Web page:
Stretched...and Growing

As I get into my 4os, I'm seeing the value of stretching. Stretching regularly keeps me limber; it helps me prevent injury while riding my bike; it just plain makes me feel better. Without stretching, my muscles tighten and contract; they pull on ligaments and tendons; they cause me to stiffen up, lose correct posture, and generally feel lousy.

Accustomed to living at the crossroads, it makes me wonder: is there another parable here? Without activities and events and circumstances to stretch us beyond our normal comfort zones, can't we stiffen up in our personal lives? Without new experiences which call us out beyond ourselves and demand us to adapt, won't we otherwise allow neuroses and bad habits to contort and twist our psyches?

I think this is especially true in our spiritual lives. St. Augustine famously wrote in his Confessions that God "has made us for himself and our hearts are restless 'til they rest in him." Being in relationship with the living God is innately stretching: we can't contain, control, predict, or otherwise manage God. He's the consuming fire, the burning bush, the rushing wind that Scripture describes. To follow God is to walk on the edge of adventure, to get out beyond our comfort zones, to be stretched away from and out of the contortions of self-absorption. It's tremendously scary at times, no doubt; but it is reality itself and anything short of this is delusion, deception, and denial. And here's the counterintuitive point: to follow God, to allow God to stretch us as we relate to him, yields a deep peace and rest!

Two true stories of my spiritual stretching recently. The first has to do with a family river hike up a dangerously rushing river at floodtide. Twenty of us joined my cousins on this traditional hike up the Black River near Lake Superior this summer. It might have been foolishness itself as more than once we had members nearly swept away in the current. It also probably wasn't very smart to jump off those 25 foot cliffs into the river below, come to think of it. All along, as a parent, I wondered to myself: "At what point do I dig in my heels and demand that my son and I remove ourselves?!" Yet here's the rub: we made it. No one was hurt or killed (miraculously, I might add). And I was stretched to trust God in very palpable ways. I expanded my repertoire of activities; I learned that even after a long season of rehabbing sports injuries, I could sustain a several mile hike that called forth tremendous endurance trudging upstream against the current. My son was okay. I was okay. The whole clan made it. I was stretched and there was an exhilaration at surviving and knowing God was somehow in it all protecting us. It was a strange and wonderful sensation that felt fresh and new to me.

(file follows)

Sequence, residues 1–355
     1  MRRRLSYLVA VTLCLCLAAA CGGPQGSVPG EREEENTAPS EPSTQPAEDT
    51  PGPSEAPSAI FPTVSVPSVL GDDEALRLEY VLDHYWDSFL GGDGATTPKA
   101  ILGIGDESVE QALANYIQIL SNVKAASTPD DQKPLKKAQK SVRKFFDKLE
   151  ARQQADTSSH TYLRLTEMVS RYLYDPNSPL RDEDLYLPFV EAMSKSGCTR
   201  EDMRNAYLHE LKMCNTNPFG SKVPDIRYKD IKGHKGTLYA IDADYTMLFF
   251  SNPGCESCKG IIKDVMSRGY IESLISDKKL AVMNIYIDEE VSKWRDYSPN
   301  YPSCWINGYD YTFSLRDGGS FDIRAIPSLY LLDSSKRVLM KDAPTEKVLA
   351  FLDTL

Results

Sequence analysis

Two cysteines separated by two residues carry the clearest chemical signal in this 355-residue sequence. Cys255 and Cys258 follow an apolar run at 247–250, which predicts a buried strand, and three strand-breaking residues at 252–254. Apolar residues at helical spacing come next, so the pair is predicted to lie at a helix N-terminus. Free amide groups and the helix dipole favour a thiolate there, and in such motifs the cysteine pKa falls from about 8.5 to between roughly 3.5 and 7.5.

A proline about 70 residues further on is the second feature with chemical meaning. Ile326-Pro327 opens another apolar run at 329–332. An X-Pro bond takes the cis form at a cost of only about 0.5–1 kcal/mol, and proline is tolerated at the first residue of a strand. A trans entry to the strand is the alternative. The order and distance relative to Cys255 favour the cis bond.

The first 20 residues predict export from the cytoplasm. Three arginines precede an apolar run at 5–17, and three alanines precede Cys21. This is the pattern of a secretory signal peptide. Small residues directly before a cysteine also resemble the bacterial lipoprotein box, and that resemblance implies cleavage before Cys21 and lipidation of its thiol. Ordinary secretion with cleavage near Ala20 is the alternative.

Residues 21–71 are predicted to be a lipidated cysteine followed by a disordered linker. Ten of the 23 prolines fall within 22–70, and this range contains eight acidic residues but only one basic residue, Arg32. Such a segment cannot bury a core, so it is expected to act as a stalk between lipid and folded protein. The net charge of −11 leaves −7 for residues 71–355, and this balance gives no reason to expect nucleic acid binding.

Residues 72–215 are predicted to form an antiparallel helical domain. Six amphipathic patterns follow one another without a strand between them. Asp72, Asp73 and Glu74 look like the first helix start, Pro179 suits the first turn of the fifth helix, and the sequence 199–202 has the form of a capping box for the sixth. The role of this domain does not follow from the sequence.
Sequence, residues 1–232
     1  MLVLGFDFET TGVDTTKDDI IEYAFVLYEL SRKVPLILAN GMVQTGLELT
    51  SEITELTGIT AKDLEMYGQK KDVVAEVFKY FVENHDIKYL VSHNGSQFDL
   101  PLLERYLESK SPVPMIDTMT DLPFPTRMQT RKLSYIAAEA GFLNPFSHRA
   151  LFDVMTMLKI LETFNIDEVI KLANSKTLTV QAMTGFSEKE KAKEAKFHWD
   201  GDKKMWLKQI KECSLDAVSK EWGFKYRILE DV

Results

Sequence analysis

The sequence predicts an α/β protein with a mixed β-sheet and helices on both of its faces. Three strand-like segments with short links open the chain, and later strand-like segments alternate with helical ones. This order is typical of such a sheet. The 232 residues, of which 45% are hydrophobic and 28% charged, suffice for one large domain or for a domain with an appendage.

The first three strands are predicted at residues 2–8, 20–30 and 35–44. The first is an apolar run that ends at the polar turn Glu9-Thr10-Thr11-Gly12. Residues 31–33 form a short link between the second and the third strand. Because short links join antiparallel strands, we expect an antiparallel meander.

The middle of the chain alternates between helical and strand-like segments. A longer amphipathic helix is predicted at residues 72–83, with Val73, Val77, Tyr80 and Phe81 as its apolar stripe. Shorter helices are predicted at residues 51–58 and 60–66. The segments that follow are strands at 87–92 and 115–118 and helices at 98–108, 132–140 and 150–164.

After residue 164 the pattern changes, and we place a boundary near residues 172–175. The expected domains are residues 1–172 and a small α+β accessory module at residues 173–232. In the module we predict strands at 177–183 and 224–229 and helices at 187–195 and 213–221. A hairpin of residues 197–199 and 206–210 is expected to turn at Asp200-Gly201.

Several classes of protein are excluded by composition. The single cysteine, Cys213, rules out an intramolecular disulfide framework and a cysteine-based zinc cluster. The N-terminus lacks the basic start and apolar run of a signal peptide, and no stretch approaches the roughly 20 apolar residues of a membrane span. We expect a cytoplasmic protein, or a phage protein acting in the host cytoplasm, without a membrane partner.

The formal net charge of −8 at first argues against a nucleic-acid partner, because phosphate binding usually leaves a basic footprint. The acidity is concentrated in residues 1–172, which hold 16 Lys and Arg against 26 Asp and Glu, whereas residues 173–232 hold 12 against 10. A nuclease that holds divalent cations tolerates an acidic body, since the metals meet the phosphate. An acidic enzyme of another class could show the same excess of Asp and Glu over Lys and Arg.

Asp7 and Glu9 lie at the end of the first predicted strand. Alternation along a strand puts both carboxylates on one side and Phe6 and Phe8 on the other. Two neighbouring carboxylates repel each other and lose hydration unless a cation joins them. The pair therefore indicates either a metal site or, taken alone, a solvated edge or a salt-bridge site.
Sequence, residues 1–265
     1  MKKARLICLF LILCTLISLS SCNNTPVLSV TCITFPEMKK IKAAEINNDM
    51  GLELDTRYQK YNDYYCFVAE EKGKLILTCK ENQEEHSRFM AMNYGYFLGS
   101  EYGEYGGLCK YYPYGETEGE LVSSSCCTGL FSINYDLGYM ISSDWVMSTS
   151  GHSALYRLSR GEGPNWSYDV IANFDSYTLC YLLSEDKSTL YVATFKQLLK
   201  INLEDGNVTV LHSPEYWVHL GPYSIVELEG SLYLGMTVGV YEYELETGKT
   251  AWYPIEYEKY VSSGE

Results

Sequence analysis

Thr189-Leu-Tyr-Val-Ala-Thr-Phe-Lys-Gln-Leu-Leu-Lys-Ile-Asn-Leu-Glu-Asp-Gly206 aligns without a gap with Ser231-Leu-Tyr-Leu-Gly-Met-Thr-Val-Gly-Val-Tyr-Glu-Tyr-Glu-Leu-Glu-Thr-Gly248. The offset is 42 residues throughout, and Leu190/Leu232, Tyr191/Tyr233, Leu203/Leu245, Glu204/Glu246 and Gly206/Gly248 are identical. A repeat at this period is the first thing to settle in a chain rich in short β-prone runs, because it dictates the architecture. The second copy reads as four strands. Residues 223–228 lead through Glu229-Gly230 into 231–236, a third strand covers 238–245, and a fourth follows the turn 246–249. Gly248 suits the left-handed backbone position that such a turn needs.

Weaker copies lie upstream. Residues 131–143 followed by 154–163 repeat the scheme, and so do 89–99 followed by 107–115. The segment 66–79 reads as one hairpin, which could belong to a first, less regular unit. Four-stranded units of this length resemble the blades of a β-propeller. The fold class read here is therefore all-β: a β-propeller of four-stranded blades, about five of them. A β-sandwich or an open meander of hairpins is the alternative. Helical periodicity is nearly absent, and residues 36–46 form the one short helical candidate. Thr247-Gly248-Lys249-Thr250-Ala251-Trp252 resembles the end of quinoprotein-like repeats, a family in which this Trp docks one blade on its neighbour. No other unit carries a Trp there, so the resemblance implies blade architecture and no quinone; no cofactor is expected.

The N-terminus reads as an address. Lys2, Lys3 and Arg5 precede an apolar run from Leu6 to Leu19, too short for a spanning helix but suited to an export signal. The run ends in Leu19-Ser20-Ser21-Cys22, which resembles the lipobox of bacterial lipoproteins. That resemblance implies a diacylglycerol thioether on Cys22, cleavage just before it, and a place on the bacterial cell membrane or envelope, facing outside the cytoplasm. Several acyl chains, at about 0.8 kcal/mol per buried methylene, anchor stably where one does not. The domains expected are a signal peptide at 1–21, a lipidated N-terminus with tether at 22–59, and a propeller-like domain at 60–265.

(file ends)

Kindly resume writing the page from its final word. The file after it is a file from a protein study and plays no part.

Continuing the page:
My other story has to do with two recent tragic deaths and the out of control feeling I get as a pastor when I'm plunged into peoples' suffering and called upon to offer comfort and meaning. This is the part of pastoring that I find very difficult. I wish I had advance notice and could ready myself for such tragedies. But, like the emergency room physician, I can't. I can only show up and offer myself and my abilities and hope they're useful somehow. Yet each time I do this, I find that 1) I'm stretched in ways that are good for my innately cautious personality; and 2) God feels closer to me in the challenges than he does in the comfortable, controlled environment I so often construe as "my life."

Are you being stretched right now? How do you respond to such stretching? How have you seen a greater good come from it?

1 comment:

mbpbooks said...

Carl! You took my beloved nephew up that river?!?!? Just kidding ... I'm so glad that he's learning the joy of taking risks and trying new things from you. I read somewhere that to keep the brain strong after 40, you're supposed to learn something completely new every year, like a musical instrument, a language, a culture, whatever ... Right now I am trying to learn "teenager," but the process seems to be frying my brain instead of improving it.